|Jeremiah E. Burke High School student Ricardo Canuto.|
Ricardo Canuto is 19 years old and when he came here from Cape Verde three years ago he didn’t speak a lick of English.
In three weeks, he’ll graduate with honors from the Jeremiah E. Burke High School in Dorchester and for this alone they should have a parade for him. He’s a good kid who worked hard and did well. He wants to be a cop. Maybe a lawyer.
His father cuts meat at a local market and couldn’t be prouder.
Ricardo Canuto’s got a school ring, a blue stone with the Bulldogs and class of 2010 etched on the side. He’s got a college scholarship. He’s the vice president of the Honor Society.
And yet he was sitting there, in one of the rooms at the Catholic Charities Teen Center off Bowdoin Street, in between school and his job at the KFC in Edward Everett Square, a study in frustration.
“There was an earthquake at my school,’’ he said. “That’s what I call it. An earthquake.’’
The Burke was one of the seven schools in Boston singled out by the state as underperforming. Under a federal program, those schools had to replace half their staffs. This is a very elaborate, intricate process known to people without doctorates as musical chairs.
Ricardo Canuto doesn’t have a doctorate.
“When I saw the people who lost their jobs, it didn’t make much sense to me. A lot of them were some of the best teachers,’’ he said.
“What really got me, though, was that no one, in this whole process, bothered to ask us, the students, what we thought. You would think that when it comes to deciding who’s a good teacher and who’s not a good teacher, the students might have some good ideas. We know who stays late. We know who calls home, talks to our parents, makes sure we’re doing the work. We know who cares about us.’’
What drives him nuts is that this has been dressed up as being done for the good of the students.
“A lot of people who think this is a good idea aren’t affected by the decisions,’’ he said. “We are. But we have no say in the decisions.’’
Ricardo Canuto called School Department headquarters.
“I talked to a lady. She was an assistant superintendent or something like that. She listened. She said they had a process and everything was done properly, but she said I made a good point about the students being ignored. She said, ‘I’ll pass on the information and someone will get back to you.’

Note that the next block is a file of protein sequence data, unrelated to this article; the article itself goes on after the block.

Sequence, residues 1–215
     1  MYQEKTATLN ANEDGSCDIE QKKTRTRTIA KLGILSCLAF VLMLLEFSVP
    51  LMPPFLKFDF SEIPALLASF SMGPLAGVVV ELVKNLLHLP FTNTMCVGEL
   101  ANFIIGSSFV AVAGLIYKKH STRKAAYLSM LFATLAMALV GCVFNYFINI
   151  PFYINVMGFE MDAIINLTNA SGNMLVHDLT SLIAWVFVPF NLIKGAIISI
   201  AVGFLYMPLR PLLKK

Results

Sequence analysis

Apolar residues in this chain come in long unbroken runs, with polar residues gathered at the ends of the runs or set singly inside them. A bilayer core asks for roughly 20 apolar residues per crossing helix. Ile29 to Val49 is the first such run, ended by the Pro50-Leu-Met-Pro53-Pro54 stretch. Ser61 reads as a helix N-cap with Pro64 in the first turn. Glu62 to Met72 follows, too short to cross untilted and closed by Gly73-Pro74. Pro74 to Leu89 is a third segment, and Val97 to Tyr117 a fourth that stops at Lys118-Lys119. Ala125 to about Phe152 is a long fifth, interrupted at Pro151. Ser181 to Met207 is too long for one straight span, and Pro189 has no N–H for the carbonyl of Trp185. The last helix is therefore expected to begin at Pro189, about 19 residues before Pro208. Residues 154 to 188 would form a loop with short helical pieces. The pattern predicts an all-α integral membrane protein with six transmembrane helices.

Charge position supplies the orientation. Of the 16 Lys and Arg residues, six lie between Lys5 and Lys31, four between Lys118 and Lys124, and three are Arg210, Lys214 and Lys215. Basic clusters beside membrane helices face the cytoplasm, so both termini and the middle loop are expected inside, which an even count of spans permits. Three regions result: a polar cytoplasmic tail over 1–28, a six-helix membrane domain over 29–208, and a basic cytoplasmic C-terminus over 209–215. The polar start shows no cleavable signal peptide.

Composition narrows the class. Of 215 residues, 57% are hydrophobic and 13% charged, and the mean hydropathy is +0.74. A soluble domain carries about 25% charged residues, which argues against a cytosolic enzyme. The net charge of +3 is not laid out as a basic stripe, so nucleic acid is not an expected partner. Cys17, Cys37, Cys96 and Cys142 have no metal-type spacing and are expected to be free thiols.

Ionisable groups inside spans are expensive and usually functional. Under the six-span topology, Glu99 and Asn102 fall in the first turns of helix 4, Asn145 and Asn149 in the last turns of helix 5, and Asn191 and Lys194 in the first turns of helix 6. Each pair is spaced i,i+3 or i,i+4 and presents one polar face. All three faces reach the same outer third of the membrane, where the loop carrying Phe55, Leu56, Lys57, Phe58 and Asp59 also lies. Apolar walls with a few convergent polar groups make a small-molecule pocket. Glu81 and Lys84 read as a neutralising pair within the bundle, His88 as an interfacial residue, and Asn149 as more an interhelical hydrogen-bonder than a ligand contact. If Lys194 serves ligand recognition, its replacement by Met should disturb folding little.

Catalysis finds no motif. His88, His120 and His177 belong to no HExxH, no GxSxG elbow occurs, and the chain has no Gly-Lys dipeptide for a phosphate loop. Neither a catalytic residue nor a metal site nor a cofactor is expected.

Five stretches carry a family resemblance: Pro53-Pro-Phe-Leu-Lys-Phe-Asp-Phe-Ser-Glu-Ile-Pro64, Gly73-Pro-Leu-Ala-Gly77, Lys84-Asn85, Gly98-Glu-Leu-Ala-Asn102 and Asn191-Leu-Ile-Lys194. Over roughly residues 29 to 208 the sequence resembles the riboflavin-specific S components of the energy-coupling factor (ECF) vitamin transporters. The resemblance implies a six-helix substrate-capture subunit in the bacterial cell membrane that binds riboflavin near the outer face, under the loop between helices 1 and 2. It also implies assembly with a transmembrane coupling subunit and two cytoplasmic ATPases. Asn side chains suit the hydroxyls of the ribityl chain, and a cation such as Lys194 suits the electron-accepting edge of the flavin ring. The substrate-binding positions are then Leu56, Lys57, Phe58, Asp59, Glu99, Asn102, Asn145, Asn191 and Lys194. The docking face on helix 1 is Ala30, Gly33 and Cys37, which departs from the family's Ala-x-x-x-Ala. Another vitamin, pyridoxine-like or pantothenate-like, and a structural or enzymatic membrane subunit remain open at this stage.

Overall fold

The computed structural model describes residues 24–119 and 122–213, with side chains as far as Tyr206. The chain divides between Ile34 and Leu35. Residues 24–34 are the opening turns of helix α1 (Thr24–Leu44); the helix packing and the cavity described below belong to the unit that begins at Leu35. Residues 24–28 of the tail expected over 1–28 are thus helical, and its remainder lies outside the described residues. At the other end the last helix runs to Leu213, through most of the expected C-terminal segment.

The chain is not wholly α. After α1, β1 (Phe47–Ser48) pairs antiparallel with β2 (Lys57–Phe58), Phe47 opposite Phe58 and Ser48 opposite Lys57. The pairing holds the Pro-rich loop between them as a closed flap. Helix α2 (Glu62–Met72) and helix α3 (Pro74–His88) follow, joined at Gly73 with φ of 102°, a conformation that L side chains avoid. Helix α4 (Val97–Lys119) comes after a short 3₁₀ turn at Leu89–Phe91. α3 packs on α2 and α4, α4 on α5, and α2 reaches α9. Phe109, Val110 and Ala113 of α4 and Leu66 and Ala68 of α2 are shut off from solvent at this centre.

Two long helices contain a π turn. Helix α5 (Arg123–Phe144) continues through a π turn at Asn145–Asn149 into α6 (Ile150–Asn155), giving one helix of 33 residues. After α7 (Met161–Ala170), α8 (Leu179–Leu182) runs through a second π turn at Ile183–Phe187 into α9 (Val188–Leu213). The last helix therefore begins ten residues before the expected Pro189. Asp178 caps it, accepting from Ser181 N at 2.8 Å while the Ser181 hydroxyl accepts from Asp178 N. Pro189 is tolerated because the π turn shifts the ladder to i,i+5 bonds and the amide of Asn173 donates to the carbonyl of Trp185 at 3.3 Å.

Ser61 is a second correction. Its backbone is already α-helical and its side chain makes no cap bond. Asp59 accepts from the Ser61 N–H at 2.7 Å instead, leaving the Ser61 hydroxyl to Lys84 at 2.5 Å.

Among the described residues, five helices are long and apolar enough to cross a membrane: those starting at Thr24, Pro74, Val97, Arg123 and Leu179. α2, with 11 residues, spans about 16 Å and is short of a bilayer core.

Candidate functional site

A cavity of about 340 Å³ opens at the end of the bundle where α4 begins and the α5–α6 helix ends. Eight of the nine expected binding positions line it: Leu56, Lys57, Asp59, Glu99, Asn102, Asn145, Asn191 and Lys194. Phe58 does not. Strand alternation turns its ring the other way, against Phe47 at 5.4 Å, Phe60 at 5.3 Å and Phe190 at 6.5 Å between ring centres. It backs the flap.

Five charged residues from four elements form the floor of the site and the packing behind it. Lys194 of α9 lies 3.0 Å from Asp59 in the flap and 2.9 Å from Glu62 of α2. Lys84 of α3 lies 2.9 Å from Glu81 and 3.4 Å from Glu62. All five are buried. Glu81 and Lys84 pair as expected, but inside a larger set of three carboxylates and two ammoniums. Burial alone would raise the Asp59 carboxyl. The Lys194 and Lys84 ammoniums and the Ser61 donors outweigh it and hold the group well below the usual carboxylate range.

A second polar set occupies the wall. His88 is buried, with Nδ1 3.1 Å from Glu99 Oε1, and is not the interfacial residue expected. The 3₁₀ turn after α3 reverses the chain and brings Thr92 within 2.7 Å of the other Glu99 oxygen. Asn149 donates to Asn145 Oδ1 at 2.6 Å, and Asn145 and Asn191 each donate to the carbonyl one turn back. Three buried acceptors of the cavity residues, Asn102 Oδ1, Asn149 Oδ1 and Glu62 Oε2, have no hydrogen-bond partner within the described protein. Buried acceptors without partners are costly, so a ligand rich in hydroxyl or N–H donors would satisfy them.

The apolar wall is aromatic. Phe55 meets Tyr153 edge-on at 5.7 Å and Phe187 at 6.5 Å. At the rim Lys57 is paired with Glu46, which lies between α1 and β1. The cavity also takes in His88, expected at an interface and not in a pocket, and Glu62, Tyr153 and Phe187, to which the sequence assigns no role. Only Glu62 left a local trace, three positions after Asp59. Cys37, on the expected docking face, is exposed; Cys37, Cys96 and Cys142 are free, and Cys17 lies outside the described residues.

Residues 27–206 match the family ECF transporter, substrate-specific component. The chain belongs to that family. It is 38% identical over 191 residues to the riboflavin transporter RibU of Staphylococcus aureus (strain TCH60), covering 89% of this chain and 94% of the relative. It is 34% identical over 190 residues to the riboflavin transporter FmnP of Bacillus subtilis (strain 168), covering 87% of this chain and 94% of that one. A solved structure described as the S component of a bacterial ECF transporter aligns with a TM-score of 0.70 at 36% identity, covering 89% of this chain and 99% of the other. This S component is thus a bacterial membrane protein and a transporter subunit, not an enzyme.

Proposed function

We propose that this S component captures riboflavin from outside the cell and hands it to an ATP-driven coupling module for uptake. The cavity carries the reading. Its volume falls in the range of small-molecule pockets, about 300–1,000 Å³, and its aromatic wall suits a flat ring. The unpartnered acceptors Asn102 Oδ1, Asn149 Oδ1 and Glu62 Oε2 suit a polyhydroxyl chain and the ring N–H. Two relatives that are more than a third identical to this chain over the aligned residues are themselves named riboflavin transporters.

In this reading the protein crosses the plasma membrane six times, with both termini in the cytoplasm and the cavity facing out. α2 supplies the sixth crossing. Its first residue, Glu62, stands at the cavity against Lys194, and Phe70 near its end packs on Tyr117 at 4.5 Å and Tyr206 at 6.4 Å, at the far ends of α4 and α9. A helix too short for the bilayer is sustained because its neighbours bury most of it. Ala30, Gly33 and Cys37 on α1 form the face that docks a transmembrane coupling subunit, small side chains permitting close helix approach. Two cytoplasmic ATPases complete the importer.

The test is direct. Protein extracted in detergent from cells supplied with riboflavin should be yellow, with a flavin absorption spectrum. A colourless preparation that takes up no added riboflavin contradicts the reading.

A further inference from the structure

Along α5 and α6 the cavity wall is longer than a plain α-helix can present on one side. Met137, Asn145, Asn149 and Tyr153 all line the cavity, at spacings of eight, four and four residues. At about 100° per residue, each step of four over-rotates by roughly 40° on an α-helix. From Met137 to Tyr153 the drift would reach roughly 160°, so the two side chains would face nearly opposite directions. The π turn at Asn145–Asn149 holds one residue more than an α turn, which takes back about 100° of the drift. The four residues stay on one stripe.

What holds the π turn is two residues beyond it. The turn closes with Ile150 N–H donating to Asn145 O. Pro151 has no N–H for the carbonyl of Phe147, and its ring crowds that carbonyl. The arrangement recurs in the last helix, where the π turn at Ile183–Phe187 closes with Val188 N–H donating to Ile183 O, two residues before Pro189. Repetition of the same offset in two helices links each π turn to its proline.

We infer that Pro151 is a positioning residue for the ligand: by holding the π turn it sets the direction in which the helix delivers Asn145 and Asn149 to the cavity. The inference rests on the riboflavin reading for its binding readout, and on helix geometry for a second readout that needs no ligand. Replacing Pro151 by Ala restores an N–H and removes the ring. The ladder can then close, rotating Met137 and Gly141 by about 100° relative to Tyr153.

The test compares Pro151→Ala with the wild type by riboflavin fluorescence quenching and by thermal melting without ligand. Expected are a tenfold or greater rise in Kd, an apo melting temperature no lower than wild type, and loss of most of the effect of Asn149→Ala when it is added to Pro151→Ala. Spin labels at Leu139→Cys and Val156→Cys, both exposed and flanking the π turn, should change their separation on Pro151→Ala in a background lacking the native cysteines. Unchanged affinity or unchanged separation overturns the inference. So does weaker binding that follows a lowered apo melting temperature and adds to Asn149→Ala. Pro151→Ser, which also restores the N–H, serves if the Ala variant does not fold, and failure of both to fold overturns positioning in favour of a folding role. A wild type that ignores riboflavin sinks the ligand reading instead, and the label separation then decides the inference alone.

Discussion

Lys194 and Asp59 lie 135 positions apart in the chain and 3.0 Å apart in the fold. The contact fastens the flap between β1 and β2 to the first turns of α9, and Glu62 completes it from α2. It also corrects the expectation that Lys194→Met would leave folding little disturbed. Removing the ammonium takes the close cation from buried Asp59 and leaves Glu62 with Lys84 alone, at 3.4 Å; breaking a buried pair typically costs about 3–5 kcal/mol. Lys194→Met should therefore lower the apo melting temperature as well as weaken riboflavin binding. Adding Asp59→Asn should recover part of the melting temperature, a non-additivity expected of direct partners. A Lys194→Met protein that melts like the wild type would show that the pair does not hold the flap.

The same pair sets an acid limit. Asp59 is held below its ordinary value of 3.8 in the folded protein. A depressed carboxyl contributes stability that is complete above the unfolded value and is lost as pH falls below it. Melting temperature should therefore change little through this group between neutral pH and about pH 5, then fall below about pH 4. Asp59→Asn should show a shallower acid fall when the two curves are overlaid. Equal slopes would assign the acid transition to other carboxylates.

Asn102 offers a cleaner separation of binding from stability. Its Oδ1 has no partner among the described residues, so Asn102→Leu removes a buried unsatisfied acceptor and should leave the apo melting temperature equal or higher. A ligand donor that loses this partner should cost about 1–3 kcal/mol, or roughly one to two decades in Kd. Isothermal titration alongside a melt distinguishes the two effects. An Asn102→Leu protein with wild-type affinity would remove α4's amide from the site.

“Well, it’s been about two weeks and nobody’s called me. I guess they don’t care what we think,’’ he said.
Here’s what Ricardo Canuto thinks. He thinks laying off the only Cape Verdean guidance counselor at the Burke, where more than half the kids are Cape Verdean, isn’t a very good idea.
He thinks the process of judging teachers is arbitrary, one that can’t possibly account for the various problems facing various kids.
“They’re looking in the classroom, but they really need to look in the home,’’ he said. “A lot of the kids who have problems at school have problems at home. But they can’t reassign the parents, so they reassign the teachers.’’
Ricardo Canuto is, by any measure, a success story.
But many of the teachers he credits with pushing him lost their jobs. Some, like the guidance counselor, have found jobs at other schools. But for kids like Ricardo, it’s a pointless dance.
Ricardo took some books to the KFC last night.
“I get a 30-minute break,’’ he said. “I study then, and then I study when I get home.’’
Sometimes he studies five or six hours a day. But he may end his high school career as something different than a bookworm.
“Some kids are talking about going downtown, and tell them what we think,’’ he said. “If they go, I’m with them.’’
Kevin Cullen is a Globe columnist. He can be reached at firstname.lastname@example.org.